Farhang Mehr’s last position in Iran, prior to the Islamic Revolution of 1979, was president of Pahlavi University in Shiraz. During his presidency, the university became internationally known for its academic excellence and for instituting innovative policies that were later adopted by other developing countries. In 1973, the International Health Organization (WHO) chose Pahlavi University as the center for giving on the job training courses to the faculties of the medical schools the South Mediterranean countries. In recognition of his valuable services Dr. Mehr was the first and only non-Muslim Iranian decorated with First rank Homayoun Medallion and Second rank Taj Medalion.
In 1981, two years after the establishment of the Revolutionary Islamic Republic of Iran, Farhang Mehr immigrated to the United States. There he joined Boston University as Professor of International Relations. In 1982 on Now Ruz Doctor Mehr served as recipient of a certificate in appreciation for the contribution of Iranians to life in the Commonwealth of Massachusetts from Governor Michael Dukakis. He retired in 1997 as Professor Emeritus.
Mehr has been very active in the Zoroastrian Communities world-wide. In his youth he, organized Sazeman-e Javanan-e Zartoshti (Persian: سازمان جوانان زرتشتی), with the goal of fostering unity and awareness amongst Zoroastrian youth, particularly in their struggle to obtain more rights in Iran. In 1949, Mehr was elected to Anjoman-e Zartoshtian-e Tehran (Persian: انجمن زرتشتیان تهران) as its youngest member. Having left for England in 1950, he joined the Zoroastrian Association of Europe in London and continued to regularly contribute articles to the Zororastrian monthly journal “Hukht”, published in Tehran.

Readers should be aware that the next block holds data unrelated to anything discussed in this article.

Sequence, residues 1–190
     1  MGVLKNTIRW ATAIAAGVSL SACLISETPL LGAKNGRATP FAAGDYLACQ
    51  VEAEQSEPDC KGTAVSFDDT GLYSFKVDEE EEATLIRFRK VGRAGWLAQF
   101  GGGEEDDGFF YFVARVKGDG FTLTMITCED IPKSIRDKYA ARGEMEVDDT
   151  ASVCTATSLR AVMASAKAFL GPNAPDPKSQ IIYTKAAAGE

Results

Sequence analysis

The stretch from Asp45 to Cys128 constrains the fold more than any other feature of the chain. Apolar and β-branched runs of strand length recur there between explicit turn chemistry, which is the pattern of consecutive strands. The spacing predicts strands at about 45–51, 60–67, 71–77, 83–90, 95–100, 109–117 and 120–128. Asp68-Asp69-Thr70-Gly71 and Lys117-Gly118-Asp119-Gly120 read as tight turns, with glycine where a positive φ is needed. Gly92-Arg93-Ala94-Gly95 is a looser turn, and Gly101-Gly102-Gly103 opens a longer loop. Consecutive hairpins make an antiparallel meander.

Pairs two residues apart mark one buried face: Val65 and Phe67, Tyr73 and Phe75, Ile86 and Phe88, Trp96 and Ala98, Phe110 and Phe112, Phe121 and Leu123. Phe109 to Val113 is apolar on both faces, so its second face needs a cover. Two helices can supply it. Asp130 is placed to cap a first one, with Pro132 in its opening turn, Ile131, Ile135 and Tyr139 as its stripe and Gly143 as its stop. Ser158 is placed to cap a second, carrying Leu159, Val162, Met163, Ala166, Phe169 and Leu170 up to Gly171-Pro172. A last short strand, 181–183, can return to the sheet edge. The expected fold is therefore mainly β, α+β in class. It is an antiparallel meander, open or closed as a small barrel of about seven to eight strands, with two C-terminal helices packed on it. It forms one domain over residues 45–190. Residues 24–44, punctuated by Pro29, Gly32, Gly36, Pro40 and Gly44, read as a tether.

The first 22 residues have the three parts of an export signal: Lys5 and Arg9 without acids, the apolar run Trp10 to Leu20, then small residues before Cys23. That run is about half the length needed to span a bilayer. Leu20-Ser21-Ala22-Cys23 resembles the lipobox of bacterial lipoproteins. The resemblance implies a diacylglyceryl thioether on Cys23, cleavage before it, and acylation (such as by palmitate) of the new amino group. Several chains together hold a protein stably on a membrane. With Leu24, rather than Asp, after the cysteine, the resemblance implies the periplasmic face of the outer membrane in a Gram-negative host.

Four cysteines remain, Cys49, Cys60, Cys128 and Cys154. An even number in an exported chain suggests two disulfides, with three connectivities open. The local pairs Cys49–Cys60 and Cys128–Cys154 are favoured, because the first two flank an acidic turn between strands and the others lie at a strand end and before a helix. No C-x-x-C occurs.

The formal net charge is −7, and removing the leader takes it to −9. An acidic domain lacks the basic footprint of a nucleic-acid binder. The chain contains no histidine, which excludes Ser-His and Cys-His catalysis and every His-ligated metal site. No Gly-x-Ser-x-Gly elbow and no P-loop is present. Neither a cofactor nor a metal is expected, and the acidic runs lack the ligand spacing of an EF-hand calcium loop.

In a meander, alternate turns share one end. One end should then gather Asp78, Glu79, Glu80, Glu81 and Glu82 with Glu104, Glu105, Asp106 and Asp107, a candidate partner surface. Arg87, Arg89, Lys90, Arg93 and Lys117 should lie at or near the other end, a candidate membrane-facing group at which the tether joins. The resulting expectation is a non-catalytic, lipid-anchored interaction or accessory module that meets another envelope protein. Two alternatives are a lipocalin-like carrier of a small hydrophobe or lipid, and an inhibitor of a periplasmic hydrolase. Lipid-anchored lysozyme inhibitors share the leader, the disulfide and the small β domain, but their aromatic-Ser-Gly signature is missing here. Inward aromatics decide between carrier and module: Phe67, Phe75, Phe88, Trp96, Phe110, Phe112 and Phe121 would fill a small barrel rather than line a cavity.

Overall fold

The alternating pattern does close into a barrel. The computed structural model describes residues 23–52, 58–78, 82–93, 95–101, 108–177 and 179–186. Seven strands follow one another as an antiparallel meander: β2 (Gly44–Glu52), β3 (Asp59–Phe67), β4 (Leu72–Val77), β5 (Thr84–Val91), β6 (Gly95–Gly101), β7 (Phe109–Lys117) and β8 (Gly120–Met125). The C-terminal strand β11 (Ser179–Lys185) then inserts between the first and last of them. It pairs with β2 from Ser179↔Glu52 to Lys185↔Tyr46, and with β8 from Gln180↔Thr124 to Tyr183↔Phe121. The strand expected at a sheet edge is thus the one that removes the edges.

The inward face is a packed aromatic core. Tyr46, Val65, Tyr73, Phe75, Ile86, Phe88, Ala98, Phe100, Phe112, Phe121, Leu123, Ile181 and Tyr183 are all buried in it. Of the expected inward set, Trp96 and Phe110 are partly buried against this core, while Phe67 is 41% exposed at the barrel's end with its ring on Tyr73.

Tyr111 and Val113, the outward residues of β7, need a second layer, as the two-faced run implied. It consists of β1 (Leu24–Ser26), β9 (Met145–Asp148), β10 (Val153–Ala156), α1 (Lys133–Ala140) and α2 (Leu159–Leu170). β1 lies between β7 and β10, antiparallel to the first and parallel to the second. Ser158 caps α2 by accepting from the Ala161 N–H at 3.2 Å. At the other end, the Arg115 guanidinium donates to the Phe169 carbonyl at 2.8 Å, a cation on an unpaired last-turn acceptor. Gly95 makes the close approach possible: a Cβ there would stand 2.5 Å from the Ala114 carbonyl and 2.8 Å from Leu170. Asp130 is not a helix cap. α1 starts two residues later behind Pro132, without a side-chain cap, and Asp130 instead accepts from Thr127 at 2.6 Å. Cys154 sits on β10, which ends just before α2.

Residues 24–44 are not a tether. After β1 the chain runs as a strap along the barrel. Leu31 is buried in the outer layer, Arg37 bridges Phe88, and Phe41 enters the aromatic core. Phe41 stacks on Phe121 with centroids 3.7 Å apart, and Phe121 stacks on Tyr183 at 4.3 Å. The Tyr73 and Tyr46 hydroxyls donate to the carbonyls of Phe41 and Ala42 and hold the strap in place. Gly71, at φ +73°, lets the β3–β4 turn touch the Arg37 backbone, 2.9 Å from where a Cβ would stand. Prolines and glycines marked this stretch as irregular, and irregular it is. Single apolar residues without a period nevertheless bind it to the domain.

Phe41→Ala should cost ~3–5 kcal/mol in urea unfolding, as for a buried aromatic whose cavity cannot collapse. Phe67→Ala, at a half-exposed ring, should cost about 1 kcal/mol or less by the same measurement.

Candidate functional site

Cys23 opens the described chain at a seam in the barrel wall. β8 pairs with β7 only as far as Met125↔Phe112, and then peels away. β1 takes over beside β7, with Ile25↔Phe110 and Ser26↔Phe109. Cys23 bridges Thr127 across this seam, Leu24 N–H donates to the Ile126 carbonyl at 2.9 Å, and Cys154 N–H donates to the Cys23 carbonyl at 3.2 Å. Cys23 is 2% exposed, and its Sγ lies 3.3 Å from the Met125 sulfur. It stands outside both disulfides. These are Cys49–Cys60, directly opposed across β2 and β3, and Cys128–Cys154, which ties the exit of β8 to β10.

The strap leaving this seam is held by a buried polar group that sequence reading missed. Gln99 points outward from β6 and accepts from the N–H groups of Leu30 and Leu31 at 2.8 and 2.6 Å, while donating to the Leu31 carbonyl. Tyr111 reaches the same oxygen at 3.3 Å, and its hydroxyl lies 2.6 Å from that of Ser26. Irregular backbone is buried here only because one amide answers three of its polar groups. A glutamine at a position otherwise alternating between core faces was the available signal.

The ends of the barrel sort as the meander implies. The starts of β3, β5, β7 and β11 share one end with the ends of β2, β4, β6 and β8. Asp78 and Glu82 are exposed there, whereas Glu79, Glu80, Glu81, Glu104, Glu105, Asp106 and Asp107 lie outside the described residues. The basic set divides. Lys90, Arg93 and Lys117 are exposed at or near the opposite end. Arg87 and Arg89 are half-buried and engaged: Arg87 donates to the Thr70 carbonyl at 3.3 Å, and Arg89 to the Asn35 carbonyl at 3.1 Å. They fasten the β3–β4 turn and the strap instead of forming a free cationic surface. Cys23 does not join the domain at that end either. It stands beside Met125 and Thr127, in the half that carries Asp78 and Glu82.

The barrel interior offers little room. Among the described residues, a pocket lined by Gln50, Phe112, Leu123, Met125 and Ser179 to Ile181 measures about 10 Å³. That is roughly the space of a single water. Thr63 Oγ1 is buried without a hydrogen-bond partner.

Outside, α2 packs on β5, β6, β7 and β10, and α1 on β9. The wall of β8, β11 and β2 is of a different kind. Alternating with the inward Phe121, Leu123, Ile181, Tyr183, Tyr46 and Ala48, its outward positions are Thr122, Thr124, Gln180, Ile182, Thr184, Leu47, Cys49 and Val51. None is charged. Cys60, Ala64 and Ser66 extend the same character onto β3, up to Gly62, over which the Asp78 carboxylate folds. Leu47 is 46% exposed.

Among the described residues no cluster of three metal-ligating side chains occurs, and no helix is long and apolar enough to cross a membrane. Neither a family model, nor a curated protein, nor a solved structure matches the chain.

On his return to Iran in 1957 Dr Mehr again assumed an active role in the Zoroastrian community and was elected Chairman of the Tehrani Zoroastrian Anjoman, a position he held until the Islamic Revolution of 1979. He was a founder of the “Ancient Iranian Cultural Society”. Dr. Mehr has attended all World Zoroastrian Congress es since their inception in 1960 in Iran. He is a founder of the World Zoroastrian Organization (WZO).
Career in exile
Professor Mehr has travelled extensively and given lectures in America, Canada, Europe, Australia, the Soviet Union and China. He has published twelve books in Persian and English on industrial law, social insurance, religion and international relations, including The Zoroastrian Tradition and A Colonial Legacy along with eighty articles in professional journals. In addition to his publications, he has given numerous television and radio interviews in several countries.
Mehr is married to Parichehr Naderi and has three children: Mehrdad, Mehran and Mitra.